My cousins who remember her well tell me that my oldest sister Mary, who was born three years before me, was the nicest, sunniest little girl and everybody loved her.
My two older sisters, Mary on the left.
She died at age five from a brain tumor, one of the kinds specific to children that is curable today. Back in 1953 it was considered inoperable. However, there was a doctor from Germany who was pioneering that type of surgery, so it was decided that my parents would take Mary to Boston and meet him there to do it. They went by train, and I never asked why they didn't fly, maybe there was concern about the change in altitude affecting pressure on her brain.
It was winter, and Mary had been sick for several months with my mother taking her to Childrens Hospital in Denver, 60 miles away for treatment so there wasn't time to go shopping for a winter coat for the train journey east. She borrowed a coat from our farmer's wife, and when they arrived in Boston, my dad's younger sister, an art history student at Wellesley met them - she criticized that coat - not stylish enough, what was my mother thinking. It's funny how we carry those sorts of things through our lives: my mother never forgot it, and built onto it with further slights as the years went by.
They made it to the hospital, but Mary died before any doctors could see her, and her funeral was held at our home.
Mary's symptoms started in late spring, and when my mother's youngest sister Dot graduated from high school, their aunt, whom my mother never liked very much, brought her up to our part of the state on a graduation tour. My mother asked if Dot could stay behind and help her cope with things, because my other sister was 3 and I was 2. But the aunt wouldn't let her stay, took her back to the trading post.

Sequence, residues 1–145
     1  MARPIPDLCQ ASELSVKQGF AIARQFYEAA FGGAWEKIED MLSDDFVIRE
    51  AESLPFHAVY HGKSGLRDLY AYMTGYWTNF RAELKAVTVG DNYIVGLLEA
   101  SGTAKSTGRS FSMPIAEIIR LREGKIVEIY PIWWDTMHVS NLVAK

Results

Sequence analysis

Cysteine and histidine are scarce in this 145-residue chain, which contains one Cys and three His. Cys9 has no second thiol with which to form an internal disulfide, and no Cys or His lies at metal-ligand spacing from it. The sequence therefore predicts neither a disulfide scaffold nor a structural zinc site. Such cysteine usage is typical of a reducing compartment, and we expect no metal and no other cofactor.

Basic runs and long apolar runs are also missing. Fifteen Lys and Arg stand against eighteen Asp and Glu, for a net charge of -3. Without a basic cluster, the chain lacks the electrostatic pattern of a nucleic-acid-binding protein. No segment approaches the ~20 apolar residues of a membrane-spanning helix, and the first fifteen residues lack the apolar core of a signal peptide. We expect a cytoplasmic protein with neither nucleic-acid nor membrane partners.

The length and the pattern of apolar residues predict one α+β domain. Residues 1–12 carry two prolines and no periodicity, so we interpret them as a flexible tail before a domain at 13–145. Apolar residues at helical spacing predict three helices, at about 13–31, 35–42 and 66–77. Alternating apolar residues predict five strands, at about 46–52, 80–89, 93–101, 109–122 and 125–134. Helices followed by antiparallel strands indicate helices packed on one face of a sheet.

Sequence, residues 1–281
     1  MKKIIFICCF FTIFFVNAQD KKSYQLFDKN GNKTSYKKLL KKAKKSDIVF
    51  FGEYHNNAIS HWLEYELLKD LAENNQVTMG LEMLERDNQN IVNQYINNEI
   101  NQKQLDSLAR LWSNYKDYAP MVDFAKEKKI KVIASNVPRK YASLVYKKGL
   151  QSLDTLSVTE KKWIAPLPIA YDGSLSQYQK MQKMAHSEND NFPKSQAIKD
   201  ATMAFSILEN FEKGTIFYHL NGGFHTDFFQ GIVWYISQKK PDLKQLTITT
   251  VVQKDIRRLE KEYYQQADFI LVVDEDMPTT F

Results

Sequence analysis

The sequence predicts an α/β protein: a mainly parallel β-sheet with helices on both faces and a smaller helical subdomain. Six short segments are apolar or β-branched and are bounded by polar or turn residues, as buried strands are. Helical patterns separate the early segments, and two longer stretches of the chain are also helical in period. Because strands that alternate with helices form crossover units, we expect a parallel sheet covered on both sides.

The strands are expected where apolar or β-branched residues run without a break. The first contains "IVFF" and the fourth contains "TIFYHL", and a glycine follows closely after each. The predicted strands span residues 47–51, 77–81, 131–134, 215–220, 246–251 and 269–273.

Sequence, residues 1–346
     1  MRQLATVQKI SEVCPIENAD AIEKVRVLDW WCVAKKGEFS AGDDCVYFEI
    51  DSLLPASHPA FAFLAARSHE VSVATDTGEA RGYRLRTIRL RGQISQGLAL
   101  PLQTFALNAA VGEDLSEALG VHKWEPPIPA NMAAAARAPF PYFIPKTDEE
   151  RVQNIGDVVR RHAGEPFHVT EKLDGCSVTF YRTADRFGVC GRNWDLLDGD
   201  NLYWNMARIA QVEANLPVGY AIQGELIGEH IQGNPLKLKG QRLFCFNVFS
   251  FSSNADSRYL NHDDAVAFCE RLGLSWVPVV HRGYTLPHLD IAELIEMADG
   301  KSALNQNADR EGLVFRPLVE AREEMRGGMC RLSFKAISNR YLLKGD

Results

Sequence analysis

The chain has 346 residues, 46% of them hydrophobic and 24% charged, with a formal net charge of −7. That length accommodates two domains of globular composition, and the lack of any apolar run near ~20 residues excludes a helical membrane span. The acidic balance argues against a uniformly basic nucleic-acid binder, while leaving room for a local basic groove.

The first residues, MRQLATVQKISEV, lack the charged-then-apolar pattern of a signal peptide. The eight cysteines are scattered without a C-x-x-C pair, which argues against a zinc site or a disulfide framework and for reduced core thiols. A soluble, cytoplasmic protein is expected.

My mother's mother must have felt guilty about this, because she came up and took care of us for a while before my parents took Mary back east in hope of having the brain surgery. My sister told her: "you're not the mother to us, you're the grandmother to us" one time when we didn't want to do something she told us to do.
And she and I had issues because I always 'read' myself to sleep with a 'book-o' - a copy of the Reader's Digest that I had to have in my crib to leaf through before nodding off, and nobody warned her about that, so she was afraid I wouldn't be able to go to sleep with that distraction. Since both my parents were gone, I don't know if anyone knew to tell her about it.
My mother felt badly that Mary died before my mother's parents ever got to meet her, so she vowed to make sure we would get to know her side of the family, and every summer she took or sent us down her childhood home. On the way there, we dropped in on various friends and relatives, and that way we got to know our extended family fairly well.
Photo: My sister and I down at my mother's childhood home. It was windy a lot, and we had to wear dresses the whole time because the local Indians were offended by girls wearing slacks and shorts.
These pictures are washed out and funny looking because my grandfather had one of the first versions of the Polaroid camera, the kind where each picture had to be 'fixed' by drawing a bar of chemical over it. My grandad loved to take pictures with that camera, especially of his customers, members of the Navajo and Ute Indian tribes.